According to state law, children under the age of 18 are legally entitled to receive support from both parents, and child support is the amount that the non-custodial parent is required to provide until they are an adult or the child becomes emancipated. Emancipation may occur when a child gets married, joins the military, is able to support themselves or moves out of their parent’s home and desires independence.
Child support can cover a range of expenses, including basic necessities like food, shelter and clothing, as well as additional costs, such as medical expenses not covered by insurance and day care. Judges generally follow guidelines to determine how much child support is owed, and the guidelines are based on a percentage of the non-custodial parent’s income and how many children they are supporting. It is at the judge’s discretion to increase or decrease support based on how much time the non-custodial parent spends with their children.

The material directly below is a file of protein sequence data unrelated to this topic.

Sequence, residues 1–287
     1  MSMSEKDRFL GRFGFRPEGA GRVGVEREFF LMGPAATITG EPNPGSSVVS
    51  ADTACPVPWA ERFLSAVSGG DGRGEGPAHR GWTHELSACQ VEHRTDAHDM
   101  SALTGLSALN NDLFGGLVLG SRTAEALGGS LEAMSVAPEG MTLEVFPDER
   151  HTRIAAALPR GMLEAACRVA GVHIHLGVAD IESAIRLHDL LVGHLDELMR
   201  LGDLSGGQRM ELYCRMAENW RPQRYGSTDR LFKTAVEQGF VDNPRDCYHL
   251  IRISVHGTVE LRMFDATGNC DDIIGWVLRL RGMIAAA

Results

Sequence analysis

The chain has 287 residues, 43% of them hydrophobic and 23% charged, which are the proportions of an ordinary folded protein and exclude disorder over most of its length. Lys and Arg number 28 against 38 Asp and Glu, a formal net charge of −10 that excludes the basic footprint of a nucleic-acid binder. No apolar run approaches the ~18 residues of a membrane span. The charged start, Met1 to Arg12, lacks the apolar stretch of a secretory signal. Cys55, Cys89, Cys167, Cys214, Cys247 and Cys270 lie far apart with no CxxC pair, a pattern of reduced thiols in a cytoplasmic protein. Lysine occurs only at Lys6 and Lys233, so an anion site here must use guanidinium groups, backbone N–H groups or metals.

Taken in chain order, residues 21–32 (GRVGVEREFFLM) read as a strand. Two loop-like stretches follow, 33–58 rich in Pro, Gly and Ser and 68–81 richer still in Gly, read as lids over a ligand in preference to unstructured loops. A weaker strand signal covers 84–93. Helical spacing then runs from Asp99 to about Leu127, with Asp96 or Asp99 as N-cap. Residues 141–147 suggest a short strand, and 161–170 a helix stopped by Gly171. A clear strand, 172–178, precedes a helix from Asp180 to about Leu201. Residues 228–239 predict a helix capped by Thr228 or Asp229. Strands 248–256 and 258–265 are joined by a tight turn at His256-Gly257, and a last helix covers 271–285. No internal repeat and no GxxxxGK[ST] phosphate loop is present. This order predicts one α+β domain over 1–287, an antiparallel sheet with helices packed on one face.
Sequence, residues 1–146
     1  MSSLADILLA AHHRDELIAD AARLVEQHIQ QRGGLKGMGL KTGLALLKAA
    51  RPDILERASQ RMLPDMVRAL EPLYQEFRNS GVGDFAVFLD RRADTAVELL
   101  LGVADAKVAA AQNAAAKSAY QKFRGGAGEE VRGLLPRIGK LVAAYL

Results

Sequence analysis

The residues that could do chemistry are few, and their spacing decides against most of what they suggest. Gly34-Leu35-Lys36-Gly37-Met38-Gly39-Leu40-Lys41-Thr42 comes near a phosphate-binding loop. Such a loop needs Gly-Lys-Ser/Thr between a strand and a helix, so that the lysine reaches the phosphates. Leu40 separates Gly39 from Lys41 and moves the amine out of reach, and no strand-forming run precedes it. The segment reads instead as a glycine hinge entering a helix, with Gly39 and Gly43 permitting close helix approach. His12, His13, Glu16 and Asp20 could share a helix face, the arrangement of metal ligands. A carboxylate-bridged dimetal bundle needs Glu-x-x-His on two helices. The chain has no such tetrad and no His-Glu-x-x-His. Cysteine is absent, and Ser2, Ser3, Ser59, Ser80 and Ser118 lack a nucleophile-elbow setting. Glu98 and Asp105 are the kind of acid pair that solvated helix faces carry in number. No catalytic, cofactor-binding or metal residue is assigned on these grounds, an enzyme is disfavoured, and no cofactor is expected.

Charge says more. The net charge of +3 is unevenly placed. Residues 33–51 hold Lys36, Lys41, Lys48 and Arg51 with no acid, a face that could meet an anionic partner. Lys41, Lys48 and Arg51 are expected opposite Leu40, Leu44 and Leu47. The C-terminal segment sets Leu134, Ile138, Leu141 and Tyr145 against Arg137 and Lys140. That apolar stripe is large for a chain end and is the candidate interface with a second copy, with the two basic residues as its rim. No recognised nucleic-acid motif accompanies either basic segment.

Child support laws in Illinois state that income can include someone’s salary, bonuses, tips, disability payments, lottery earnings and a number of other sources of compensation. Expenses such as union dues, health insurance premiums and mandatory retirement contributions are excluded from support calculations.
Since there are a number of variables involved in determining how much someone may be able to receive or obligated to pay for child support, there is no specific formula that can determine a dollar amount. However, there are ways to get an idea of child support obligations, and presenting certain facts may have an impact on the amount decided by the court. A family law attorney may be able to help a client requesting support understand the legal process as well as aiding them in seeking an appropriate amount.
Source: Findlaw, “Illinois Child Support Guidelines“, August 07, 2014